StudentsReview :: The School of Visual Arts - Extra Detail about the Comment
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The School of Visual Arts

How this student rated the school
Educational QualityB Faculty AccessibilityB+
Useful SchoolworkB Excess CompetitionB
Academic SuccessB- Creativity/ InnovationB+
Individual ValueC University Resource UseB
Campus Aesthetics/ BeautyD FriendlinessB
Campus MaintenanceB Social LifeC
Surrounding CityA Extra CurricularsF
Describes the student body as:
Friendly, Afraid, Broken Spirit, Snooty

Describes the faculty as:
Friendly, Helpful, Condescending, Unhelpful, Self Absorbed

Quite Bright
Lowest Rating
Extra Curriculars
Highest Rating
Surrounding City
He cares more about Extra Curriculars than the average student.
Date: Apr 07 2011
Major: Art & Design Department (This Major's Salary over time)
The Graphic Design program is decent, but here's a little tip for those who are considering taking up Graphic Design: If you can't afford to pay $20,000-$40,000 each year for up to four years, do not go here. Do not put yourself under a pile of loan debt just to get an arts degree, because it's not worth it. It is ridiculous that students have to pay this much for an arts degree. The job market for Graphic Design is over-saturated, and very competitive, so you will have a difficult time finding a steady job when there are several hundred other people applying. Through personal research, I discovered that a graphic design job listing can net over 400 resumes a week.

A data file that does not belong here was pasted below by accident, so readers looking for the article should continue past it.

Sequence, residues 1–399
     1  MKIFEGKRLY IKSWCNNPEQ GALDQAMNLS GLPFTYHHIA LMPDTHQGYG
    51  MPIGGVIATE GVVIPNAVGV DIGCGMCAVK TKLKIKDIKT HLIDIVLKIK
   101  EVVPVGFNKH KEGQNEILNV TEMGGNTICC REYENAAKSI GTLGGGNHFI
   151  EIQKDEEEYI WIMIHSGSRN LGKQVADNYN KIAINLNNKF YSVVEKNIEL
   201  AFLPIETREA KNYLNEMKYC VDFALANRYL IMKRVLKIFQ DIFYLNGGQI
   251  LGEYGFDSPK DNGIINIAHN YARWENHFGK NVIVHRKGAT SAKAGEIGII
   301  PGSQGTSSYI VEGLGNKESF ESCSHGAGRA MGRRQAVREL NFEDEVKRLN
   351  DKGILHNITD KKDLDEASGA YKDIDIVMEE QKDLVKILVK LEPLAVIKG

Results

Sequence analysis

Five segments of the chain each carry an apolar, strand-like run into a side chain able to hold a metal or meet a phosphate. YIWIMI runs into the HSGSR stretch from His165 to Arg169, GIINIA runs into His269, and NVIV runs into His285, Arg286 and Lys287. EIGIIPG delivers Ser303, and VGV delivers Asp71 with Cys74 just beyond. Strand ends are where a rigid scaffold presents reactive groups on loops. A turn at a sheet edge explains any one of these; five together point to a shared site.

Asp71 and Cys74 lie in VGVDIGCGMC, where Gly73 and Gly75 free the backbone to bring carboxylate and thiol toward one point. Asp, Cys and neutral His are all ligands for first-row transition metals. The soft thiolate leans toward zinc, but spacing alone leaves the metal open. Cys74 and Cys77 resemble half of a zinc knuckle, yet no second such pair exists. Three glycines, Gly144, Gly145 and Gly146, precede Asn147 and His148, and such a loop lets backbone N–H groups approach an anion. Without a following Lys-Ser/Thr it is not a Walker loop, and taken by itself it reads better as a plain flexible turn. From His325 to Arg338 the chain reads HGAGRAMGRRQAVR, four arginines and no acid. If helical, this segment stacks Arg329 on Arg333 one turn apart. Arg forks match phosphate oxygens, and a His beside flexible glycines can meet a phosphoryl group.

The problem is that the professors or anyone at the school will not tell you this, because they need that $20k-$40k from each student to operate. The program itself isn't as in-depth as some might expect it to be. It's more experimental design rather than real in-field type of work. If you can go to a cheaper school that will give you a bachelors for under $10k a year, by all means do it, because you will get the exact same education there.

The best alternative to this of course is the internet and books. There are so many tutorial websites out there for Adobe Creative Suite and Web Design (lots of companies are going digital now) that you can practically teach yourself in half the time that you would taking useless classes in a GD program. Plus you won't end up in debt, and looking for a job for months if not a year. In the end, your clients will not look at where you received your degree from, but at your portfolio of your past work, and its quality.

I've learned very little compared to what real jobs require. Here are a few things I recommend for everyone to focus on while learning Graphic Design: Typography, kerning and leading, Web design (at least HTML and CSS), print production (to prepare files for print), and applications themselves (you will only get to learn the basics at this school).

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